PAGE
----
San Francisco’s new Department of Homelessness and Supportive Housing, alongside Focus Strategies, has developed new plans to house its homeless families using data-informed solutions and systems planning. Their goal is that by 2020, every family experiencing homelessness would be housed within 90 days.

“Bay Area ballots bulge with measures to pay for homeless housing,” The San Francisco Chronicle 
September 3, 2016
Several measures on the November 8, 2016 ballot in the Bay Area would provide additional funding for affordable housing and other homeless services through tax increases. “San Francisco’s sales-tax ballot package, Propositions J and K, requires a simple majority for passage and would pump about $1.2 billion into homeless housing and services for the next 25 years.” Sales tax increases in San Mateo, Alameda, and Santa Clara Counties would also fund more affordable housing and service solutions for people experiencing homelessness.

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Valley of the Sun United Way

“My Turn: We can do more for the chronically homeless,” The Arizona Republic
August 21, 2016
Steve Evans, secretary of the Valley of the Sun United Way Board of Directors, says rapid re-housing and permanent supportive housing is the way to end chronic homelessness in Phoenix.

“My Turn: The simple – but not so easy – solution to homelessness,” The Arizona Republic
July 30, 2016
Amy Schwabenlender, Vice President of Community Impact at Valley of the Sun United Way, explains the progress and successes, as well as the challenges associated with adopting a client-centered, Housing First orientation in the Phoenix-area.

“How a 30-hour layover turned to homelessness – and a new home,” The Arizona Republic
July 30, 2016
A Phoenix man describes his experience with homelessness, and the opportunity and newfound hope he was given through a rapid re-housing program partially funded by Valley of the Sun United Way.

Eureka and Humboldt County

“Eureka-County Housing Campaign Hits Goal Early, Helps 30 Homeless Find Homes,” The Lost Coast Outpost
September 15, 2016
Humboldt County Department of Health and Human Services successfully housed 30 people, meeting their goal of housing 30 people in 60 days early and the Department expects these numbers to stay on the rise. The campaign was prompted by recommendations by Focus Strategies to adopt a housing first, data-driven approach to housing the area’s homeless population.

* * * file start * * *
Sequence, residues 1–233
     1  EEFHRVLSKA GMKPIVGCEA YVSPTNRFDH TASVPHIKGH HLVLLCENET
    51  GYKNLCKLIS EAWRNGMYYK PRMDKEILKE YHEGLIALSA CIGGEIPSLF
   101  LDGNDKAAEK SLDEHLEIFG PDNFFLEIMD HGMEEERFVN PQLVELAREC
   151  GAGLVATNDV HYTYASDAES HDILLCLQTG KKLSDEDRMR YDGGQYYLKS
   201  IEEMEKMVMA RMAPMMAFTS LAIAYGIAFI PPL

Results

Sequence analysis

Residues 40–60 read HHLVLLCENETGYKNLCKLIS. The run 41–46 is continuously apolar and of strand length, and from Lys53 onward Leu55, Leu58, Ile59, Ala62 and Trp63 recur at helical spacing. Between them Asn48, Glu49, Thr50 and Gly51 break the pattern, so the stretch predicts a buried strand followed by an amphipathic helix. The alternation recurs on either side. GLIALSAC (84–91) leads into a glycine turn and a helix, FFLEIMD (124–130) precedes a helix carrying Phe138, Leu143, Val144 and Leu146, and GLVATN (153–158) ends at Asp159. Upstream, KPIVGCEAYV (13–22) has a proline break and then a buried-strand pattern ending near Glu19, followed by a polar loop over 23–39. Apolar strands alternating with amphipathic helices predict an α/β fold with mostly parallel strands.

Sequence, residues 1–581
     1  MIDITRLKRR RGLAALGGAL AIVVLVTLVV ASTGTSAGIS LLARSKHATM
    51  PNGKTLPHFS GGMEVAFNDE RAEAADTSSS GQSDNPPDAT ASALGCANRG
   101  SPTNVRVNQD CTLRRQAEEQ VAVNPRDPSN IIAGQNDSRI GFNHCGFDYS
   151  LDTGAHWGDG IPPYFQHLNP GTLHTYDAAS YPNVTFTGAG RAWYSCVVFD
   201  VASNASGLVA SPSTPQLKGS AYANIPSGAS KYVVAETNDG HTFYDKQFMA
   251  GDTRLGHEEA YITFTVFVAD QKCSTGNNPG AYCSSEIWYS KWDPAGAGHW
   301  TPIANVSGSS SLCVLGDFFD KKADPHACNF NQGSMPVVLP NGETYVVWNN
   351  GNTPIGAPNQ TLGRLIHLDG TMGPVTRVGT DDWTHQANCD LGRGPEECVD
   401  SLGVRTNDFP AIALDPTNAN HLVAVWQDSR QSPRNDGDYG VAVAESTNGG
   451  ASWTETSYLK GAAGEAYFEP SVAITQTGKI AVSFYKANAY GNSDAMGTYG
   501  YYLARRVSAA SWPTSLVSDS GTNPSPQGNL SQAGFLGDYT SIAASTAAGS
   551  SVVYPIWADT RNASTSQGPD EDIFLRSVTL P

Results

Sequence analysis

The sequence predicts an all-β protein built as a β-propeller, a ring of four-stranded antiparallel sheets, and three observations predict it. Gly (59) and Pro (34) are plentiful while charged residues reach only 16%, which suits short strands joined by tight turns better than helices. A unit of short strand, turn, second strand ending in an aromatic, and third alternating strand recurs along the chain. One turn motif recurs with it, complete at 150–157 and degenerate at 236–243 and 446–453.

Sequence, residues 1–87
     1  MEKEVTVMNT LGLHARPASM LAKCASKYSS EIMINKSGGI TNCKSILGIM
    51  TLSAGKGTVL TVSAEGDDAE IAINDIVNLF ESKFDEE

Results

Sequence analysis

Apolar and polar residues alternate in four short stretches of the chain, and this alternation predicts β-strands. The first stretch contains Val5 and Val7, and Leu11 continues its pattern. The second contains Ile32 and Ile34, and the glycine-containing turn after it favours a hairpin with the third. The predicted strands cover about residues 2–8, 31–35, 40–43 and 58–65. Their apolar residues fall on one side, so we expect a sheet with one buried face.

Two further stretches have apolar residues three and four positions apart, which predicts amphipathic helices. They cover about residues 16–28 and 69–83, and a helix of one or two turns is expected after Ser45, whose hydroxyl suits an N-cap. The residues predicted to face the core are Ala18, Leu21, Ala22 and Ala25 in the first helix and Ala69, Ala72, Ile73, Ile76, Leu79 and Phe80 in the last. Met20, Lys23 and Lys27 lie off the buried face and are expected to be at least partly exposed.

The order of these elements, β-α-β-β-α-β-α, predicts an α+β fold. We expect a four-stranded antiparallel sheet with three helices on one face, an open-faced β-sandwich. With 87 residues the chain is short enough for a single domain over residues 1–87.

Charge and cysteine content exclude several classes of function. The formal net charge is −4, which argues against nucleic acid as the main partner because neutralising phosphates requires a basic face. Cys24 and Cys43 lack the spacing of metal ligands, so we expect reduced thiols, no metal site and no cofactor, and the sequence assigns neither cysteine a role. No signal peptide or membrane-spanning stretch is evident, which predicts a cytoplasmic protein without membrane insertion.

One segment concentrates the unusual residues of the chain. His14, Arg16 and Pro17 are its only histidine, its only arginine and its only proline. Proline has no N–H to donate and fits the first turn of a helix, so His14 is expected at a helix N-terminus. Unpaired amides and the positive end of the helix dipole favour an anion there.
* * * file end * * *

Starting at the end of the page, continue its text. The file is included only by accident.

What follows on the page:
“Community leaders look toward big-picture solutions for homelessness at Housing First Summit,” The Lost Coast Outpost
August 11, 2016
Humboldt County community leaders host a Housing First summit, following the adoption of a Housing First approach by the county and City of Eureka, as recommended by Focus Strategies.

“Housing 30 People in 60 Days: The Clock Starts Today,” The North Coast Journal
August 8,2016
The City of Eureka and Humboldt County launch their Housing First campaign, which includes plans to house 30 individuals experiencing homelessness over the course of 60 days. The campaign comes as a result of recommendations made by Focus Strategies in January.

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“Homelessness in Berkeley: An Overview,” Berkeleyside
June 29, 2016
Local, independent news site Berkeleyside published an overview of homelessness in Berkeley, including information and recommendations provided by Focus Strategies regarding the city’s homeless system. The article also features the city’s new housing project, The Hub, which serves as an entry point for homeless people seeking housing and other services.


“Nashville needs cohesive system to help homeless, consultants say,” The Tennessean
November 6, 2015
Focus Strategies recommends right-sizing a cohesive homeless response system, in addition to removing barriers to program entry, investing in Rapid Re-Housing, and using HMIS system-wide in Nasvhille. The Tennessean interviews Principal Megan Kurteff Schatz regarding these recommendations.

60 Minutes: “100,000 Homes: Housing the homeless saves money?,” CBS
February 9, 2014
Anderson Cooper interviews formerly homeless individuals in Nashville who were moved into permanent housing with the help of Nashville’s 100,000 Homes Campaign. The segment highlights the cost effectiveness of rapid rehousing and permanent support housing.